Got Homework?
Connect with other students for help. It's a free community.
Here's the question you clicked on:
 0 viewing
Find an equation for the nth term of the arithmetic sequence.
a10 = 32, a12 = 106
 one year ago
 one year ago
Find an equation for the nth term of the arithmetic sequence. a10 = 32, a12 = 106
 one year ago
 one year ago

This Question is Closed

genius12Best ResponseYou've already chosen the best response.1
Firstly, the formula of for a term of an arithmetic sequence is given by:\[x _{n}=a+(n1)d\]Where a is the first term, n is the term number, d is the common difference. Since we know this is an arithmetic sequence, then a11 is the average of a10 and 12. Therefore: a11 = (32 + 106) / 2 = 138 / 2 = 69 Now we have the sequence: 32, 69, 106. Since this is an arithmetic sequence, a11  a10 gives us the common difference. d = 69  32 = 37. Now we got d, so we just need to find a. We can use the already given a11 to find a.\[69=a+(111)37 \rightarrow 60=a+370 \rightarrow a=310\]Now we know a = 310 and = 37. We plug in these values to get the equation:\[x _{n}=310+(n1)37\]
 one year ago

katherinekcBest ResponseYou've already chosen the best response.0
oh i get it! thank you!
 one year ago

katherinekcBest ResponseYou've already chosen the best response.0
could you help me on this to? if you can A certain species of tree grows an average of 3.1 cm per week. Write an equation for the sequence that represents the weekly height of this tree in centimeters if the measurements begin when the tree is 400 centimeters tall.
 one year ago

wioBest ResponseYou've already chosen the best response.2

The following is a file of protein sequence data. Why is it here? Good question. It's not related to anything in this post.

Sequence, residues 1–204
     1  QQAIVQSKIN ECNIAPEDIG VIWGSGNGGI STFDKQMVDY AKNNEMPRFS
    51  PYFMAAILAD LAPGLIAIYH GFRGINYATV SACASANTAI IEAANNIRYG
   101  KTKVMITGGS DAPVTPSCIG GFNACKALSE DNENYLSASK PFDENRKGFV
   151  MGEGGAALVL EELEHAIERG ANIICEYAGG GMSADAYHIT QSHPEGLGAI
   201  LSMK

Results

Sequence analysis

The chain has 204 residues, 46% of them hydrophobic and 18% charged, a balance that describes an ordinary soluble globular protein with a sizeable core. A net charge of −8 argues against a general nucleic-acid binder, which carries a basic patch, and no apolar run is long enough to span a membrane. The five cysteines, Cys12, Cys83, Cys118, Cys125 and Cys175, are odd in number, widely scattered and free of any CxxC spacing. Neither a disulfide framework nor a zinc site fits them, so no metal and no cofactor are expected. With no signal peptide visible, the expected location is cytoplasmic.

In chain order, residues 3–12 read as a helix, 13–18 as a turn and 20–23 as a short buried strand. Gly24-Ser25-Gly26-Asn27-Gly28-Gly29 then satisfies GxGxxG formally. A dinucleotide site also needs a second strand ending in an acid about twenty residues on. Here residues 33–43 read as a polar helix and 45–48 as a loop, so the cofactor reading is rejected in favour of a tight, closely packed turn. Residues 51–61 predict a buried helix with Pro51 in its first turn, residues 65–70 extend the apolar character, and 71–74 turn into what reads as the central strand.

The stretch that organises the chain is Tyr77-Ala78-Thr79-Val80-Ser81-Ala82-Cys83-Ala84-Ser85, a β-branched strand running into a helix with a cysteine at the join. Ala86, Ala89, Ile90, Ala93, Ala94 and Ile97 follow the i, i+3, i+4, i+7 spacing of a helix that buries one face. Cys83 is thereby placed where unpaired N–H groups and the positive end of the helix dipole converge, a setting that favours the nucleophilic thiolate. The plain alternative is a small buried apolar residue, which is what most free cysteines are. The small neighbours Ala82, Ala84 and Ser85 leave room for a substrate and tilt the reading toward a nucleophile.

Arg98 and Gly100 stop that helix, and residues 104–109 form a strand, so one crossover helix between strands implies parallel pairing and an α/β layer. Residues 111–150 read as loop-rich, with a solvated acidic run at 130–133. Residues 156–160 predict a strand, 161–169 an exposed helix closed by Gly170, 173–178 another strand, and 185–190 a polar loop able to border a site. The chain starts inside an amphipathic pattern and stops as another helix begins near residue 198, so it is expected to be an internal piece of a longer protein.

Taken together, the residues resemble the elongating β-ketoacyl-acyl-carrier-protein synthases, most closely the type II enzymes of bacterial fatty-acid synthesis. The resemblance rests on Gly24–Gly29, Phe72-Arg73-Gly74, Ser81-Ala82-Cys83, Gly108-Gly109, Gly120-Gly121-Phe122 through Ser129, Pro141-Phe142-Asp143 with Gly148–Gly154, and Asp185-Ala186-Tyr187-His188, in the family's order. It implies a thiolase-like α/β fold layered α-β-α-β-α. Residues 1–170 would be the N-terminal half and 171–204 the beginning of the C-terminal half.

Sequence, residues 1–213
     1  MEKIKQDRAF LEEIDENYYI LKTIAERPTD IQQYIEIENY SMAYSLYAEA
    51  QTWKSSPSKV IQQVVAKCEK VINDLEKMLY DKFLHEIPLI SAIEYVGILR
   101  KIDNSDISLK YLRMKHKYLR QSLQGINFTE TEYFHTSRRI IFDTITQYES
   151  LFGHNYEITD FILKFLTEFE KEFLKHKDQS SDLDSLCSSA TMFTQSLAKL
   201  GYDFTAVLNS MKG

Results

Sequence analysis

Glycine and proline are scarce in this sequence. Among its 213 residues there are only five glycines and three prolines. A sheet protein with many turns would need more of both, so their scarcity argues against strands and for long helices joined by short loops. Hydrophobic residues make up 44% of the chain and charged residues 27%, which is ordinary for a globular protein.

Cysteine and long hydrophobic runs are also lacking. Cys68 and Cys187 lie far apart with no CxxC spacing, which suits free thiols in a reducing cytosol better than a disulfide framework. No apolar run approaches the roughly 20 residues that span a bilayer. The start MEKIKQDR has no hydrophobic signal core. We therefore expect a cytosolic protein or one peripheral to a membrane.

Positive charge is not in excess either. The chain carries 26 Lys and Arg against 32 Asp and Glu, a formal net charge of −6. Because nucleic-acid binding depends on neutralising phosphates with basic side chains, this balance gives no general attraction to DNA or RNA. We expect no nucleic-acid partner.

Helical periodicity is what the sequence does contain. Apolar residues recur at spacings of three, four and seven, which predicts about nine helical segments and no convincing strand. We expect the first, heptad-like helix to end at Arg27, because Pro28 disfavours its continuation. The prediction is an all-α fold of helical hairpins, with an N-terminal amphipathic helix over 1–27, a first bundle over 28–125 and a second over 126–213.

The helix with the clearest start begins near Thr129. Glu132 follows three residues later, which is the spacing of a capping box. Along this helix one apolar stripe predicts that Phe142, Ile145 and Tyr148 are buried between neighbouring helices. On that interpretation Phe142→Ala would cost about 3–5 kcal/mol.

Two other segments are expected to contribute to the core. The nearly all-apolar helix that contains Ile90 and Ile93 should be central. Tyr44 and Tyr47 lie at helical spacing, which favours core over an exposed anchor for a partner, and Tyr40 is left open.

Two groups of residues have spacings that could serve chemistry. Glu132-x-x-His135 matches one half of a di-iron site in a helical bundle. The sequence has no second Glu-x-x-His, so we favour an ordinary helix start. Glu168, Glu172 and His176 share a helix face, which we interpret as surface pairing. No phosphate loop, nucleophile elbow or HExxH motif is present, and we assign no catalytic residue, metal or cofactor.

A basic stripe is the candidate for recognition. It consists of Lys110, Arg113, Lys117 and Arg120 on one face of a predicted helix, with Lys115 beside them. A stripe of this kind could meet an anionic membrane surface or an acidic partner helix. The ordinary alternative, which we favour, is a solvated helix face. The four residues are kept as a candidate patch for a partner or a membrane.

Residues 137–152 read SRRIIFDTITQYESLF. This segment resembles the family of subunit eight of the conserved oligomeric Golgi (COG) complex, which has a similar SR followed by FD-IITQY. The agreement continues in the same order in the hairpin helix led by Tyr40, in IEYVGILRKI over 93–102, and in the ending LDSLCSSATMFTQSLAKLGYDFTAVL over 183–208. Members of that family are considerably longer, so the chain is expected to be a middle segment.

A certain species of tree grows an average of 3.1 cm per week. \[ d = 3.1\]the measurements begin when the tree is 400 centimeters tall. \[a_1 = 400 \]So this means \[ a_n = a_1 +(n1)d = 400+(n1)3.1 \]
 one year ago

katherinekcBest ResponseYou've already chosen the best response.0
Ohh okay! i just couldnt figure out how to start it!! thank you!!
 one year ago

katherinekcBest ResponseYou've already chosen the best response.0
also, for this problem; Find an equation for the nth term of the arithmetic sequence. 3, 5, 7, 9, ... would the answer be an = 3 + 2(n  1)?
 one year ago

katherinekcBest ResponseYou've already chosen the best response.0
im sorry to be a bother.. but would this one be correct to? Find an equation for the nth term of the arithmetic sequence. 8, 6, 4, 2, ... an = 8 + 2(n  1)?
 one year ago
See more questions >>>
Your question is ready. Sign up for free to start getting answers.
spraguer
(Moderator)
5
→ View Detailed Profile
is replying to Can someone tell me what button the professor is hitting...
23
 Teamwork 19 Teammate
 Problem Solving 19 Hero
 Engagement 19 Mad Hatter
 You have blocked this person.
 ✔ You're a fan Checking fan status...
Thanks for being so helpful in mathematics. If you are getting quality help, make sure you spread the word about OpenStudy.